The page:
With a variety of micro-climates, Piedmont is one of the most geographically diverse regions of Italy. This diversity is expressed in a rich food culture based on complex farming systems producing a wide variety of grains, fruits and vegetables, wines, meats and cheeses. However, this wealth of peasant-based foods has been threatened by the promotion of industrial agriculture.
Food First/Institute for Food and Development Policy is proud to announce an opportunity to travel to the Piedmont Region and witness on-the-ground efforts to preserve sustainable food and farming systems. As part of its Food Sovereignty Tours program, the 9-day guided tour will focus on meeting farmers, policy-makers and organizations working for a sustainable food system in the region.
The tour will meet with Piedmont farmers who have organized small co-operatives to preserve their way of life and traditional food culture. These co-ops market products directly to consumer groups known as Solidarity Buyers’ Groups (Gruppi di acquisito Solidale, or GAS). Tour participants will also meet with organizations like the Italian Association of Organic Agriculture, Vía Campesina, Piedmont-based Slow Food and others working to protect small farmers, promote sustainability and conserve biodiversity in Italy.
“This trip is not just a food tour of Piedmont,” said Eric Holt-Gímenez, executive director of Food First. “While participants will certainly enjoy Italy's magnificent cuisine, more importantly they will meet the farmers and engage with them directly regarding the challenges we must face together in getting clean, fair, sustainably produced food from farm to table.”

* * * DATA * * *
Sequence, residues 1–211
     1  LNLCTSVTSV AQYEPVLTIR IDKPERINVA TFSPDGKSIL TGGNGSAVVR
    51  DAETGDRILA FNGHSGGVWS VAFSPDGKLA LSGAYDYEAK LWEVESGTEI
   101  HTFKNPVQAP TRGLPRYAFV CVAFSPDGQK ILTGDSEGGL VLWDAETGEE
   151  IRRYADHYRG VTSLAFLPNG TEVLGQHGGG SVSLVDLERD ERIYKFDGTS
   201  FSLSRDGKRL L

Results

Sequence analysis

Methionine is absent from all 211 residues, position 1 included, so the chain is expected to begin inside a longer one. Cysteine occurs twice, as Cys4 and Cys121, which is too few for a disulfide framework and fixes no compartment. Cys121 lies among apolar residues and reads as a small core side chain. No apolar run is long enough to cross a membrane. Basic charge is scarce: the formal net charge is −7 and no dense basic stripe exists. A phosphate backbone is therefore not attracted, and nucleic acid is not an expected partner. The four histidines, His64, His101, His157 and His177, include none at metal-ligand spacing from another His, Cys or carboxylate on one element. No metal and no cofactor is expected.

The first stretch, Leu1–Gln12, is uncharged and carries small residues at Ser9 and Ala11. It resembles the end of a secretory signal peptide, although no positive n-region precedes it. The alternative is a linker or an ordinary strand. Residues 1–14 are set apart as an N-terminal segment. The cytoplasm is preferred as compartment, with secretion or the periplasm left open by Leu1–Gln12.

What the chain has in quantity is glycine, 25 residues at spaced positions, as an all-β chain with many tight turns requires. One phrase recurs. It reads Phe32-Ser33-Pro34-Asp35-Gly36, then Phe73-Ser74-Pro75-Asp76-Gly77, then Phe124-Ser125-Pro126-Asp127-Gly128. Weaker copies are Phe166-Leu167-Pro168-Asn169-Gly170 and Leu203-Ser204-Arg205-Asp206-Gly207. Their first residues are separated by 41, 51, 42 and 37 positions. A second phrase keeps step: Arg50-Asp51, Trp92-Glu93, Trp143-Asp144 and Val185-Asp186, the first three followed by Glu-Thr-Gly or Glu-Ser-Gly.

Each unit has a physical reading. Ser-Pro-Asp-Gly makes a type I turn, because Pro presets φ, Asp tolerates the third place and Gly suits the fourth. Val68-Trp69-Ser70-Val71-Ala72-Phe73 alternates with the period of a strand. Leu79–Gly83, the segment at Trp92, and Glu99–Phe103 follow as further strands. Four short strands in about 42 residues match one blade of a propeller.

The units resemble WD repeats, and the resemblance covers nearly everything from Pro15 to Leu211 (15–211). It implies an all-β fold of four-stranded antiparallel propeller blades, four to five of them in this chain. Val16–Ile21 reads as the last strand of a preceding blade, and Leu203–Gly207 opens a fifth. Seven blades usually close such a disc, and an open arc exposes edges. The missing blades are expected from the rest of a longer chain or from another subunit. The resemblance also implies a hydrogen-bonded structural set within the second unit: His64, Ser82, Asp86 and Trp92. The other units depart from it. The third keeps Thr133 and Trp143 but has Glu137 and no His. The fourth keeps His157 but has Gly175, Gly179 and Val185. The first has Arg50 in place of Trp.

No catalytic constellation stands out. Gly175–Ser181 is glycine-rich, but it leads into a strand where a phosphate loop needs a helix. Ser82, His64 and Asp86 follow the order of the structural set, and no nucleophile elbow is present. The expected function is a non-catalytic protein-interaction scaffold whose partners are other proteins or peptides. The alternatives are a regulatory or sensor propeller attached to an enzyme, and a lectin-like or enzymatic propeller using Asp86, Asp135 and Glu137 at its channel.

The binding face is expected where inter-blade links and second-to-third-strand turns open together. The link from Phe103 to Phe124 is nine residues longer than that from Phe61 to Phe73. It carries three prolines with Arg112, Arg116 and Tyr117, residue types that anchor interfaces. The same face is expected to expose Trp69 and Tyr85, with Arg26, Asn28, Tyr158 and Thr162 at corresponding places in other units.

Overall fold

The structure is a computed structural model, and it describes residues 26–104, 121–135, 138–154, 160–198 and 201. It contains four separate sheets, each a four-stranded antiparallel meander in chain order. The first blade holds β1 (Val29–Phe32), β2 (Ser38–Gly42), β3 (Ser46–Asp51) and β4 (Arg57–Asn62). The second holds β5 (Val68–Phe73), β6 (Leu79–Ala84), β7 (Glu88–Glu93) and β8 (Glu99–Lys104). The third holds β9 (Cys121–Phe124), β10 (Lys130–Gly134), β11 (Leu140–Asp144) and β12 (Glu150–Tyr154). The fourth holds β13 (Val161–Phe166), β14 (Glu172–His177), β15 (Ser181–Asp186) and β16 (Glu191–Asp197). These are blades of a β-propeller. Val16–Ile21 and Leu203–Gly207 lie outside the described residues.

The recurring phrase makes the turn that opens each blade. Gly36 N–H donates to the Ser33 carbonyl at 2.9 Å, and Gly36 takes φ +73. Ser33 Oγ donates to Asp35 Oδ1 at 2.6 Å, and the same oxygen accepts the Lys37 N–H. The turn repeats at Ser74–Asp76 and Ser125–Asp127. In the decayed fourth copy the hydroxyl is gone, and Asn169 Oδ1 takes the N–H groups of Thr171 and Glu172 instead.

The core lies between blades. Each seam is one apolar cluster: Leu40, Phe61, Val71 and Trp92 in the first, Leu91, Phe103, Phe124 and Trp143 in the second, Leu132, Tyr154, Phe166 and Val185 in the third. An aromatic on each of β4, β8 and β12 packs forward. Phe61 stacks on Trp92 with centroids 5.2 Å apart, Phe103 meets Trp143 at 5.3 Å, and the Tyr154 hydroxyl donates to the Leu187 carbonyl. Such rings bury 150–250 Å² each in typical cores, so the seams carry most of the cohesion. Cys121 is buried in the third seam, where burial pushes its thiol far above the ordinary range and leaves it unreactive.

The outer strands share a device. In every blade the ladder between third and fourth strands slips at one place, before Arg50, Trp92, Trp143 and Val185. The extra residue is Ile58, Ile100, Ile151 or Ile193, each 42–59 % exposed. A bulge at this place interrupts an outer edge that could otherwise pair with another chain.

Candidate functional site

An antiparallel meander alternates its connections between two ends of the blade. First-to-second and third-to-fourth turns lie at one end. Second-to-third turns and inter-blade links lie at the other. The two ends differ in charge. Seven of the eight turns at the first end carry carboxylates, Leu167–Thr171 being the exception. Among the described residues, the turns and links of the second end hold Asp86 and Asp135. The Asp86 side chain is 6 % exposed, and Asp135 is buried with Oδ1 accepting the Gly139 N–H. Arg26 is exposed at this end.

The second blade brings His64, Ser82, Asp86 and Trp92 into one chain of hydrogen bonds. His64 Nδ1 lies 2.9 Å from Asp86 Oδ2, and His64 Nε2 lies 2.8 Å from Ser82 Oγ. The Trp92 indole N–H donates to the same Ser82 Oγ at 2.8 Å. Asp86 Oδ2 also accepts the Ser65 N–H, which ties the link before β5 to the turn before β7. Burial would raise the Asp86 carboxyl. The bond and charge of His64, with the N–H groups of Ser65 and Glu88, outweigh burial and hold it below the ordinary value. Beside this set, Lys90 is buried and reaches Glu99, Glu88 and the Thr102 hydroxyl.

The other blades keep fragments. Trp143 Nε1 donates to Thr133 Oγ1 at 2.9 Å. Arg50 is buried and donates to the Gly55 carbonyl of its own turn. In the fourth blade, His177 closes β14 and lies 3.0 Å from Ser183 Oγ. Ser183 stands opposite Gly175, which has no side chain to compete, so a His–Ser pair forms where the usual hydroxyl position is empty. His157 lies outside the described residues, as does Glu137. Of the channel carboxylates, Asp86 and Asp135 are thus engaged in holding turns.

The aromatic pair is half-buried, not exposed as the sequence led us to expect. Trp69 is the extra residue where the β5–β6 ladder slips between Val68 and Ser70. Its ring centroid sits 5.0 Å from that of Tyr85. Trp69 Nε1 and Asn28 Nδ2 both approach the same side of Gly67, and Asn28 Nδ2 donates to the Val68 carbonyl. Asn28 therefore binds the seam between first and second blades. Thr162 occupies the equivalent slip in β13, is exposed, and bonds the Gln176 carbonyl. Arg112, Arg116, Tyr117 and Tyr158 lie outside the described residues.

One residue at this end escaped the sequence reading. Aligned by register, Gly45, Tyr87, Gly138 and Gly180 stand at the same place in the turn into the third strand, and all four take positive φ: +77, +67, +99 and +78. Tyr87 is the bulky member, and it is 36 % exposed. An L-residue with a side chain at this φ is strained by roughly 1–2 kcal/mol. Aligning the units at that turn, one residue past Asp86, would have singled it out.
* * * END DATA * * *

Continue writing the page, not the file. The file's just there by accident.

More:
Participants will stay in farmer-owned hotels called agriturismos, and immerse themselves in Italy’s rural culture. They will also visit producer co-ops, the bustling food markets of Turin and Slow Food headquarters in Bra.
The Food First tour will take place October 16 – 24, 2012 in advance of the annual Slow
Food “Terra Madre” Conference in Turin, Italy, which will be open to the public for the first time in its history. Food First is offering a discount on the tour price for all Slow Food members. Partial scholarships are also available for qualified applicants on a first-come, first-served basis.
The mission of Food Sovereignty Tours is to build the global movement for food sovereignty through solidarity travel and immersion learning. Food Sovereignty Tours is a program of Food First/Institute for Food and Development Policy, which has been called one of the “most established food think tanks” by the New York Times. The program also leads international delegations to Cuba, Bolivia, Mexico, the Basque Country, and more.
Tour registration is open to the public. To learn more, visit the Food Sovereignty Tours website.
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